Most of the work on multimeaning words in relation to deaf education has been written by Peter Paul. Paul (1987) found that deaf students do indeed have difficulty with the notion that a word may have more than one meaning. While many studies have encouraged the teaching of context clues to deaf students as a means of enhancing their reading comprehension (e.g., Andrews & Mason, 1991; de Villiers & Pomerantz, 1992), Paul proposed that direct vocabulary instruction is sometimes necessary to ensure a higher level of understanding when one is reading. His approach to the teaching of multimeaning words in particular uses a three-step process to ensure that vocabulary instruction is not merely a rote memorization of words: (a) the activation of prior knowledge and general conceptual development of the words; (b) the implementation of appropriate activities in which the words feature in order to expand and reinforce the knowledge; and (c) the creation of opportunities for students to read old and new concepts in a variety of natural, meaningful contexts. Through the development of a conceptual framework for each meaning of high-frequency, problematic, multimeaning words, and subsequent integration and application of these words in a variety of activities and environments, it is believed that reading comprehension will increase.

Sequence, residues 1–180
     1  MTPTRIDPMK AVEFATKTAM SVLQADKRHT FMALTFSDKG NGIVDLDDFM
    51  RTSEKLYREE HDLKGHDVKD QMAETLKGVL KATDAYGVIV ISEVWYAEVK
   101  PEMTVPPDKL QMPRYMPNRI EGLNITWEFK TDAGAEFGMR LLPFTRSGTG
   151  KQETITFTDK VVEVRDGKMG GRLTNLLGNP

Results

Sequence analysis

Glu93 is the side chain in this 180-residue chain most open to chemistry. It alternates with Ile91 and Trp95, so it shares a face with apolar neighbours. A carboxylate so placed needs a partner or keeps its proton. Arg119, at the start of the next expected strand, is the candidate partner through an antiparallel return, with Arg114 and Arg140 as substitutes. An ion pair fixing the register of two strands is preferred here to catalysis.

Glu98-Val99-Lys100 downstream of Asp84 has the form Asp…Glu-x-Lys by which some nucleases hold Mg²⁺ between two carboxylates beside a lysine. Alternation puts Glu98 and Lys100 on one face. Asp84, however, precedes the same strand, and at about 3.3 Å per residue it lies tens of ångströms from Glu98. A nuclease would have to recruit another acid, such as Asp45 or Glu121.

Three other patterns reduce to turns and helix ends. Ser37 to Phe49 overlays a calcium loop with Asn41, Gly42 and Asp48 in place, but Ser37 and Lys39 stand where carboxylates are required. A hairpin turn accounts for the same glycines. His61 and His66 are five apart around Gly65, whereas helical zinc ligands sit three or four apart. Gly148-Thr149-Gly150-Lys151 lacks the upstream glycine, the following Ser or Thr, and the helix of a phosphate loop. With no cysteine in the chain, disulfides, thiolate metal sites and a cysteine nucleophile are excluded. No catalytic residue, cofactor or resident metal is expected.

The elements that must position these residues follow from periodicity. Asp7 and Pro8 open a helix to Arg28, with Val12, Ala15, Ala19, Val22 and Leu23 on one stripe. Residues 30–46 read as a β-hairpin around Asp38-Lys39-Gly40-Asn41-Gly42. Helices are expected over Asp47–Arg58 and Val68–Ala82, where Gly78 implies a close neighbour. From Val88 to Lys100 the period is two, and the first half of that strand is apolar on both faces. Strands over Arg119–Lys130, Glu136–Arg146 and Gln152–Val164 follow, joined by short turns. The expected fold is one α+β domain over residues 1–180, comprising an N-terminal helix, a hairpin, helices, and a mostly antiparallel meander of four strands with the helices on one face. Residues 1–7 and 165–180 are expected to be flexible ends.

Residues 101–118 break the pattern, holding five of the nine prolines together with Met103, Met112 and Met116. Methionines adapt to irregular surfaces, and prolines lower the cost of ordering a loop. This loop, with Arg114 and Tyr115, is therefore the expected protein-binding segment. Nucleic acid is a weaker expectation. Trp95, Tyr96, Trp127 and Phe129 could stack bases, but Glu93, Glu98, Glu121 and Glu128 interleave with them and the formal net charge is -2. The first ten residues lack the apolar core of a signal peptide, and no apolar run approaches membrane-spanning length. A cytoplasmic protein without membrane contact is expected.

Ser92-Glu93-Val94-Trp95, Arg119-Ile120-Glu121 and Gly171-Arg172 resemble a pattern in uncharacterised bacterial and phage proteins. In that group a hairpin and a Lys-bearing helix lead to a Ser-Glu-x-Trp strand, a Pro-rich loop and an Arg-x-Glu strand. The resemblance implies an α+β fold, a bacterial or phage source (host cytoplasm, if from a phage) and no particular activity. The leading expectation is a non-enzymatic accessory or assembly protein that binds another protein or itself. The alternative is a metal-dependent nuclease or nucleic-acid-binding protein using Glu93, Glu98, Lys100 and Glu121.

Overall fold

Another important source for study of the relationship between multimeaning words and deaf education is research connected to metacognitive thinking in relation to educational practices and academic achievement. Kelly, Albertini, and Shannon (2001) not only provided a discussion of the problem of literacy in deafness, but also of the possibility that it is not just the strategies that are not working, but the approach. Kelly and colleagues looked at a sample of deaf college students at both higher and lower reading levels, and tested - in a variety of ways - the comprehension of a specific passage when read by the sample. The results showed that the deaf students often professed a better understanding of the passage than they were able to demonstrate. In testing the detection of an incongruent sentence in an otherwise coherent passage, Kelly and colleagues were able to assess whether the students were using self-evaluating skills to monitor their understanding of the text. The researchers concluded that most of the students, especially those at the lower reading levels, were not using such skills. A subsequent conclusion was that metacognitive skills needed to be taught to deaf students within a literary context. Manion and Alexander (1997) found that teaching metacognitive skills not only facilitated student learning within the specific classroom environment, but also helped students with continued use and long-term maintenance of specific information and strategies. While the strategies might be effective on their own, the use of metacognition would help the strategies work outside the classroom context.